Tesla faces federal investigation for letting drivers play video games

Documentation from the investigation, released by the National Highway Traffic Safety Administration on Wednesday, says the feature, known as “Passenger Play,” has been available to drivers since December 2020. The games appear on a touchscreen on the board. on board and are intended for passengers. But nothing prevents drivers from playing while the car is in motion, according to documentation associated with the investigation.

Prior to December 2020, the game was only activated when the vehicle was parked, according to the NHTSA investigation document. Even if the game is played by a passenger and not by the driver, it “can distract the driver and increase the risk of an accident,” according to the NHTSA.

Tesla has pushed the boundaries by providing driver assistance features that allow its cars to slow down, speed up and even change lanes without the active participation of the driver.

The company warns that drivers using such features, known as “autopilot” and “FSD,” for fully autonomous driving, should remain alert and keep their hands on the wheel. But Tesla has come under fire for making it easier for drivers to overlook attention, as well as for a number of crashes involving cars on autopilot.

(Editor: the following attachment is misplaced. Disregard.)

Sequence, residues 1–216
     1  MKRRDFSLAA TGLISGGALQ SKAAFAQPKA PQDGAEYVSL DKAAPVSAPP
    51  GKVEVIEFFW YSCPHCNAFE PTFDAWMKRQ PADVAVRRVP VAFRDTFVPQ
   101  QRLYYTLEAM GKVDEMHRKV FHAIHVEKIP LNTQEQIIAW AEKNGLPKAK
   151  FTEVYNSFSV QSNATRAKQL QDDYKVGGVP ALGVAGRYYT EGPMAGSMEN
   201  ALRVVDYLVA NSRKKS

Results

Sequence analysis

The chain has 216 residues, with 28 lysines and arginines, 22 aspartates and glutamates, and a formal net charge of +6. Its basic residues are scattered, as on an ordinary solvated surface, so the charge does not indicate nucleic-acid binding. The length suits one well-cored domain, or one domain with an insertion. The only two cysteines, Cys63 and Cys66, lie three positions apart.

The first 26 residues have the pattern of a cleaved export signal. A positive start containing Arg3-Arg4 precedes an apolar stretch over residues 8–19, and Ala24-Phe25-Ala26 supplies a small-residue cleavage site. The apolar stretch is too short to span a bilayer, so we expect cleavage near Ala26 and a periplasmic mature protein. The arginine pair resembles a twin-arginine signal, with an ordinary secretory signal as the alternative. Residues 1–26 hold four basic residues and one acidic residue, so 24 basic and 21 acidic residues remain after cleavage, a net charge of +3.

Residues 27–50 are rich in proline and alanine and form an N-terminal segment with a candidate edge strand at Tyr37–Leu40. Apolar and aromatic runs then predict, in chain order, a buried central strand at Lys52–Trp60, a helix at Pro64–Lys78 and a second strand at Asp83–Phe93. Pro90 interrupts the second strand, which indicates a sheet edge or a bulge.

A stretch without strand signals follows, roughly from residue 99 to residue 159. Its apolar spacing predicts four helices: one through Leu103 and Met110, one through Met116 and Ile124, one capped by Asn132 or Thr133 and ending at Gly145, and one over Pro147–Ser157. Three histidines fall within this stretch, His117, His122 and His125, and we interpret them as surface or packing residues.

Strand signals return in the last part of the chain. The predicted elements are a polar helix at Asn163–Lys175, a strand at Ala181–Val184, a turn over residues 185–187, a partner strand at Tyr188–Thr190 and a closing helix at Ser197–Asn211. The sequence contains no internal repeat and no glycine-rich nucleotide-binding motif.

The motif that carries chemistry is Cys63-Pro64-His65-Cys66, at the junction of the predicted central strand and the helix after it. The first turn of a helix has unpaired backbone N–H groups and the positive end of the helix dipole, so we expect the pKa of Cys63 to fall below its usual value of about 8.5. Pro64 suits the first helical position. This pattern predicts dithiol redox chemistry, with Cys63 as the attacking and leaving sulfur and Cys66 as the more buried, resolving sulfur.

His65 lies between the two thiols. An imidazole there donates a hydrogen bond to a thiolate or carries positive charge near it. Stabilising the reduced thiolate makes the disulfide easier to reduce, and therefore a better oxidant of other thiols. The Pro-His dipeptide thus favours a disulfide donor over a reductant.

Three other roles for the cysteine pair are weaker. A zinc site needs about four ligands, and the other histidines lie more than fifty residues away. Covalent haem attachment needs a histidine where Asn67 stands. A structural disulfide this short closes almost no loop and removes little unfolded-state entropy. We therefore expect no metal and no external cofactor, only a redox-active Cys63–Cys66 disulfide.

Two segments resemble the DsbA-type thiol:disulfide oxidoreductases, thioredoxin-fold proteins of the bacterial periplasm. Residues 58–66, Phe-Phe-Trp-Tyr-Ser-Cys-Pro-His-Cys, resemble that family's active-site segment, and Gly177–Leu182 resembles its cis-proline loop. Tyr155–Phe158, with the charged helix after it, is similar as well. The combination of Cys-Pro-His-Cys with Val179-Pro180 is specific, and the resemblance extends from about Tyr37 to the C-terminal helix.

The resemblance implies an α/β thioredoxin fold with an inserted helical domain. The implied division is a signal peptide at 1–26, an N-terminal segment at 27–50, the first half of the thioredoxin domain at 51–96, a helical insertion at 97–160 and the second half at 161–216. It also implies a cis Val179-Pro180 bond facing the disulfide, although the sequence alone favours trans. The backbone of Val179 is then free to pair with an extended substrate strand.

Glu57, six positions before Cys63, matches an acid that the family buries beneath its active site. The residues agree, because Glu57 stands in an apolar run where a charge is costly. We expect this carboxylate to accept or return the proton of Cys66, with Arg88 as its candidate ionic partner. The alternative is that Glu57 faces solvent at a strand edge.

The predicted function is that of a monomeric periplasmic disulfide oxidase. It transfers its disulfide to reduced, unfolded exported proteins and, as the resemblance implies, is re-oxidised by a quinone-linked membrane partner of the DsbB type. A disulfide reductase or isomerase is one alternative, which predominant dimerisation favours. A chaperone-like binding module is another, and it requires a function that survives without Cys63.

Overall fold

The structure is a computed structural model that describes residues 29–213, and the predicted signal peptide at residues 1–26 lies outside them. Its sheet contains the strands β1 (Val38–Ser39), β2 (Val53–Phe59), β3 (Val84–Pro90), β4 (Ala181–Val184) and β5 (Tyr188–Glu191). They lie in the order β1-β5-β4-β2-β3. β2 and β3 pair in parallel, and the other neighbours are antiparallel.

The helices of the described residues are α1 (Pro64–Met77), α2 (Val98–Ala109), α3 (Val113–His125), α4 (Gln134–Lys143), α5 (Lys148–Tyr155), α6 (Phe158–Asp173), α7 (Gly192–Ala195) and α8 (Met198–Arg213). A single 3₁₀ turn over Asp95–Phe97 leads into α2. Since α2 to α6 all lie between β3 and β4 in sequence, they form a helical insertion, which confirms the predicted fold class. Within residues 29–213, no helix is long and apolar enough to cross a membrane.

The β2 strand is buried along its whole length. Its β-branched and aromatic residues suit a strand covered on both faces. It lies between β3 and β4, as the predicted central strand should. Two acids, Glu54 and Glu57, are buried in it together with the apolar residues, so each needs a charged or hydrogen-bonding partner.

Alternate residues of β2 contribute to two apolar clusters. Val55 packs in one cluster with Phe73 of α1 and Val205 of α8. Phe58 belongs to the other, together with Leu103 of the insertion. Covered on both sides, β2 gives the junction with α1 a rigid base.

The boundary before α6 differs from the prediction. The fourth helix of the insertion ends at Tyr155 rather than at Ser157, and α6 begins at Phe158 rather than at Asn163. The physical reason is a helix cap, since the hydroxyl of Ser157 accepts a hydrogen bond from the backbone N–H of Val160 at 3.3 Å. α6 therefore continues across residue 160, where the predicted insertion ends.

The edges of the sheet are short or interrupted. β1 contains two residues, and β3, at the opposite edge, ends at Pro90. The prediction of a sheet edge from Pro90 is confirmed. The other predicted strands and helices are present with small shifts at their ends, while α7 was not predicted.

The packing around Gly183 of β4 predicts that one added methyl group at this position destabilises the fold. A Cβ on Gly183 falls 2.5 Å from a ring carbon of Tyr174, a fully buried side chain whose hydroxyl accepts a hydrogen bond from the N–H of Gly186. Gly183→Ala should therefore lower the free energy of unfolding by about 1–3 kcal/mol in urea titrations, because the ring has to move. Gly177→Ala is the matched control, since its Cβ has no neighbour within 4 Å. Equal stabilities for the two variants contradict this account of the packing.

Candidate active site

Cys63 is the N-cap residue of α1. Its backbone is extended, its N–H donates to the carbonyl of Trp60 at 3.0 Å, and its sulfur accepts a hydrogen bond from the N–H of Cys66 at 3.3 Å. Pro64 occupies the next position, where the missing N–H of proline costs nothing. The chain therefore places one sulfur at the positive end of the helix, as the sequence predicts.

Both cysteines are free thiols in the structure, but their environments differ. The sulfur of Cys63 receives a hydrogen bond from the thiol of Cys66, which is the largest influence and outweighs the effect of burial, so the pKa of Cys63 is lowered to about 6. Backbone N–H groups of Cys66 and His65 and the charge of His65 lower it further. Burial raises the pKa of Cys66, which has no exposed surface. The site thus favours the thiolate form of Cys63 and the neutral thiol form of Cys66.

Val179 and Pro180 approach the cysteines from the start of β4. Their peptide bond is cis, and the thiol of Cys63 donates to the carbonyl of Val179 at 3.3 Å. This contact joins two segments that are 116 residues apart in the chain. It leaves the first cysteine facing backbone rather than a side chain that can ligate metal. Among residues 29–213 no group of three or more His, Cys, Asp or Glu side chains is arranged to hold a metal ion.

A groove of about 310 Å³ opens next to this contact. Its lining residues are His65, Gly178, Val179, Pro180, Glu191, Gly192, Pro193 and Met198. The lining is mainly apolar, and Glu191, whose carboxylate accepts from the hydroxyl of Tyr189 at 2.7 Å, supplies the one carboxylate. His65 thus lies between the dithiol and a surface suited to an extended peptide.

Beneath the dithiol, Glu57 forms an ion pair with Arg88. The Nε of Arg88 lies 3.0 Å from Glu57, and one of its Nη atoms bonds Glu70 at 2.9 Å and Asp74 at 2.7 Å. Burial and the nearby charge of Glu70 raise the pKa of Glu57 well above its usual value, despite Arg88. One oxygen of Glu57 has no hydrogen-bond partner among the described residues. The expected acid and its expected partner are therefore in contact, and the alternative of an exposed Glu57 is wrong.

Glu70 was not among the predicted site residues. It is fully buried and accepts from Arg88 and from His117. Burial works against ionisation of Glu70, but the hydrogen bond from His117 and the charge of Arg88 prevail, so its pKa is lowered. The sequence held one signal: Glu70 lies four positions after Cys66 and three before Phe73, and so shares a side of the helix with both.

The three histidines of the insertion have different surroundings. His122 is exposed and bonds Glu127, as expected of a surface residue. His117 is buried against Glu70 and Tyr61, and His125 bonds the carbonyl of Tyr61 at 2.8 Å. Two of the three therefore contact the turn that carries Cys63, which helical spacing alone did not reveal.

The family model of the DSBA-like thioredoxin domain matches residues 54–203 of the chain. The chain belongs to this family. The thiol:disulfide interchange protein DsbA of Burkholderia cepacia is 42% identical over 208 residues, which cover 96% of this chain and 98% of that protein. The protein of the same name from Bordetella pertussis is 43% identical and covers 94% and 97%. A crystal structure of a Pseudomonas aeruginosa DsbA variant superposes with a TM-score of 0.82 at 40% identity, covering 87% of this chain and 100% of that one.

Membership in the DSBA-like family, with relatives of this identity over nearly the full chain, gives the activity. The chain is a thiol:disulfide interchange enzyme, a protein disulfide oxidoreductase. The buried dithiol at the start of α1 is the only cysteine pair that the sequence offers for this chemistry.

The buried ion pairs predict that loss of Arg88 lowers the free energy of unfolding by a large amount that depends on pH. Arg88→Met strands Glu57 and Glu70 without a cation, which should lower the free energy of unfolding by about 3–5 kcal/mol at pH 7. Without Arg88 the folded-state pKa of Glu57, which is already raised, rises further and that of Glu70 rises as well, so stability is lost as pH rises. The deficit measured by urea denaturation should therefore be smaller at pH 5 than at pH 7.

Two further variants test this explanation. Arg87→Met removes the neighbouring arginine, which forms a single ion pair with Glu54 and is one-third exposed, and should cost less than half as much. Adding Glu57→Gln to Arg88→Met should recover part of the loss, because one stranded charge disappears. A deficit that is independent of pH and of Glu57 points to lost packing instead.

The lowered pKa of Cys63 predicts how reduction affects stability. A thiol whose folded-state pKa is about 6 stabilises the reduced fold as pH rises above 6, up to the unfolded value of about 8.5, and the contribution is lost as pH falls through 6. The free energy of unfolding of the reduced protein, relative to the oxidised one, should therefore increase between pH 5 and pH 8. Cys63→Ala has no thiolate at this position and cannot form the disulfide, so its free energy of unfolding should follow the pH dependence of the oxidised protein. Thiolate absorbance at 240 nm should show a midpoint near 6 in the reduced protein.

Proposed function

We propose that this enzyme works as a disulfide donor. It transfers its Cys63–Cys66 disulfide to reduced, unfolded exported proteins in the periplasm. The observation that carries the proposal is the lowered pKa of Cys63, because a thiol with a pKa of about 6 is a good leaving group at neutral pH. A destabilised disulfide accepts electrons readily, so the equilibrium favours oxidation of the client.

NHTSA is currently investigating Tesla in at least 11 crashes involving cars using its autopilot or other autonomous driving features that collided with emergency vehicles in a previous crash. These 11 accidents were responsible for 17 injuries and one death, according to the agency.
US regulators highlight distracted driving as a major safety risk on US roads. NHTSA estimates that 3,142 people were killed in crashes involving distracted drivers in 2019.

The Passenger Play investigation began following a complaint filed in November by an unidentified Tesla owner. The complaint says the feature makes it possible to play video games and browse the web while the car is being driven.

Video games are said to be limited to passengers. Web browsing is accessible to anyone at any time,” the complaint said. “Why is a manufacturer allowed to create a fundamentally distracting live video that takes up 2/3 of the screen that the driver relies on for all vehicle information?” The NHTSA must ban all live video in the front seat and all live interactive web browsing while the car is in motion. To create a dangerous distraction for the driver is reckless negligence.

You’re here (TSLA), who rarely responds to questions from the media, did not respond to a request for comment on the probe or the video game feature.
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